Child Cash Benefits and Family Expenditures: Evidence from the National Child Benefit
A vast literature has examined the impact of family income on the health and development outcomes of children. Income may improve child outcomes through two mechanisms. First, income may improve development outcomes if it improves a family’s ability to purchase direct inputs into child education and health production such as reading material, educational equipment, and health care. Second, by reducing stress and conflict, additional income helps to foster an environment more conducive to healthy child development, regardless of the nature of specific expenditures. In this paper, we exploit changes in refundable tax benefit income in Canada to study these questions. Importantly, our approach allows us to make stronger causal inferences than has been possible in existing studies. Using variation in child benefits across province, time, and family type, we study expenditure patterns of families receiving child benefits. Our findings suggest that additional income may improve outcomes through both mechanisms: some benefit income is spent on direct education and health inputs, while some is spent on everyday items likely to improve the general conditions children face. Additionally, some families reduce spending on risky behavior items. Spending responses to benefit generosity appear to vary by income.
The views expressed herein are those of the authors and do not necessarily reflect the views of the National Bureau of Economic Research.
Kevin S. Milligan
September 21, 2014
This document attempts to disclose completely my potential conflicts of interest, using the principles circulated by the American Economic Association on January 5, 2012.
Item (2): Sources of support:
“Each author of a submitted article should identify each interested party from whom he or she has received significant financial support, summing to at least $10,000 in the past three years, …”
The following corresponds to the calendar years 2011-2014. Below is a complete listing of sources of support that exceed $10,000. For several of these, a grant flowed through a research organization. I have tried to list both the research organization and ultimate source of the funds.
1. University of British Columbia: salary. (2011 2012 2013 2014)
2. National Institute on Aging / National Bureau of Economic Research: stipend for International Social Security project. (2011 2012 2013 2014 )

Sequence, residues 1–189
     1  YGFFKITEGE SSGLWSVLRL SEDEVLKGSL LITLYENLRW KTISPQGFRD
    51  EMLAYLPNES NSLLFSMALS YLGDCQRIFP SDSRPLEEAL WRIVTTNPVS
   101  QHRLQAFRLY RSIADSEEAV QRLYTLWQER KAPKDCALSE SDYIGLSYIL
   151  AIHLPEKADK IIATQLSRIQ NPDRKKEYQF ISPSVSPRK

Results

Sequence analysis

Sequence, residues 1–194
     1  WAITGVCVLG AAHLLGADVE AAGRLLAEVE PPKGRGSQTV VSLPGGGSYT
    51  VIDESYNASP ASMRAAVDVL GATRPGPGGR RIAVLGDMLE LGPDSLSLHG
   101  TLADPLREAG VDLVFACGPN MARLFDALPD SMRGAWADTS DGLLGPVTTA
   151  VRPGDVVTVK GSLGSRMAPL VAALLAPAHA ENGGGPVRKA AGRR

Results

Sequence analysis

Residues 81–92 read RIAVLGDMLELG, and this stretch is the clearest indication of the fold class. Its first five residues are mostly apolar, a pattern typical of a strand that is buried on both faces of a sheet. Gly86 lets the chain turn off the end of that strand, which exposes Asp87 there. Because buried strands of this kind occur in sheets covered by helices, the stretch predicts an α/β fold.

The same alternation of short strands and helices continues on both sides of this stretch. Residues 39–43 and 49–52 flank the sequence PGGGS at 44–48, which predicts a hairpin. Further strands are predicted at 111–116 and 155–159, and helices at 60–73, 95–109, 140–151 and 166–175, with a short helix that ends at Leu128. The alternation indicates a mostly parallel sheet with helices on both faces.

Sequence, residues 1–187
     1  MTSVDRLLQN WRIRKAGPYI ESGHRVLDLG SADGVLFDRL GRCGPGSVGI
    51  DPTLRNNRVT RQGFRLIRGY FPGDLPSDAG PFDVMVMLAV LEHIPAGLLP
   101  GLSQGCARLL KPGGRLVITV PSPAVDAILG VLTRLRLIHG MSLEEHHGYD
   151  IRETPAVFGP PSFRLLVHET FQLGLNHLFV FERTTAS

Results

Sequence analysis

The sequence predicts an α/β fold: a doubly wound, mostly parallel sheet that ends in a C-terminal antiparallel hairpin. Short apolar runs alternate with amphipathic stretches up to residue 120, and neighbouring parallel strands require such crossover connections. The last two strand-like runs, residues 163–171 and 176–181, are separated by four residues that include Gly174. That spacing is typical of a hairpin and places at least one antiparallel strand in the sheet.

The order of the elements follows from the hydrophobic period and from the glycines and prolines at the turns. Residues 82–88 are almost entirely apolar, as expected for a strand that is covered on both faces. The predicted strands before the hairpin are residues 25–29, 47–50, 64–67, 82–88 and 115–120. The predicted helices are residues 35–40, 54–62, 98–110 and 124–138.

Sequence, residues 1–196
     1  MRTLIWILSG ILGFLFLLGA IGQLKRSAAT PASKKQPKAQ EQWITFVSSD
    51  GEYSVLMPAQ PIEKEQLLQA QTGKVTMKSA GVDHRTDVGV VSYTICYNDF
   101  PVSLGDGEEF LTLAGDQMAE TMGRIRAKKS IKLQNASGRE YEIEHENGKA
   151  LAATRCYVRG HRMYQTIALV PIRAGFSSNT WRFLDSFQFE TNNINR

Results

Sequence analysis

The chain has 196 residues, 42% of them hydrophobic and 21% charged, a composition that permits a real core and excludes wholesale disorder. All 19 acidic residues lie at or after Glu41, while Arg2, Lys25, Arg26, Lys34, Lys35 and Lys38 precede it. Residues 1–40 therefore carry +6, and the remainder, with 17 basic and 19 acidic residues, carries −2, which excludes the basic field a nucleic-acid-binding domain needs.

3. National Bureau of Economic Research / Social Security Administration: stipend for paper. (2011 2013)
4. Canadian Labour Market and Skills Researcher Network / Human Resources and Skills Development Canada: stipend for paper and directing research series. (2011 2012 2013)
5. Social Science and Humanities Research Council of Canada: Standard Research Grant. (2011 2012 2013)
6. National Bureau of Economic Research / Sloan Foundation: stipend for paper. (2011)
7. Canadian Tax Foundation: funding for conference. (2011)
8. C.D. Howe Institute, stipend for role as Scholar-in-Residence (2014)
Item (3): relevant paid or unpaid positions:
“Each author should disclose any paid or unpaid positions as officer, director, or board member of relevant non-profit advocacy organizations or profit-making entities.”
The following list covers activities in the years 2011-2014:
1. Economic Advisor to ‘Smart Tax Alliance’ during referendum on Harmonized Sales Tax. (Unpaid) (2011)
2. Editor, Canadian Tax Journal. (Paid) (2011 2012 2013 2014)
3. Associate Editor, Canadian Public Policy. (Paid) (2011)
4. Associate Editor, Journal of Pension Economics and Finance. (Unpaid) (2011 2012 2013 2014)
5. Academic Director, British Columbia Interuniversity Research Data Centre (Unpaid; teaching release). Funded by UBC/UVIC/SFU/UNBC/SSHRC/CIHR. (2011 2012 2013 2014)
6. President and sole shareholder of KAYEMM CONSULTANCY INCORPORATED, through which some of the above funds have been received. (2011 2012 2013 2014)
7. Board of Directors, Wesley Place Ltd., Vancouver BC. (Unpaid) (2012 2013 2014)
8. Board of Directors, National Tax Association. (Unpaid) (2011 2012)
9. Member of Economic Advisory Council for Liberal Party of Canada. (Unpaid) (2014)
Item (4): disclosure for close relative or partner
I had no domestic partner in the years 2011-2014.
1. Research Associate, National Bureau of Economic Research. (Unpaid) (2011 2012 2013 2014)
2. Research Fellow, C.D. Howe Institute. (Unpaid) (2011 2012 2013 2014)
3. Scholar-in-Residence, C.D. Howe Institute. (Stipend) (2014)
4. Occasional contributor, Economy Lab, Globe and Mail. (Unpaid) (2010 2011 2012 2013)
5. Occasional contributor, Maclean’s Econowatch. (Paid) (2013 2014)
I hold shares in companies through broadly-diversified mutual funds and investment vehicles. I do not directly hold shares of any corporation (except for KAYEMM CONSULTANCY as noted above).
I am not a member of any political party at the municipal, provincial, or federal levels. I have occasional policy conversations with policy makers from all parties.
Lauren E. Jones & Kevin Milligan & Mark Stabile, 2019. "Child cash benefits and family expenditures: Evidence from the National Child Benefit," Canadian Journal of Economics/Revue canadienne d'économique, vol 52(4), pages 1433-1463. citation courtesy of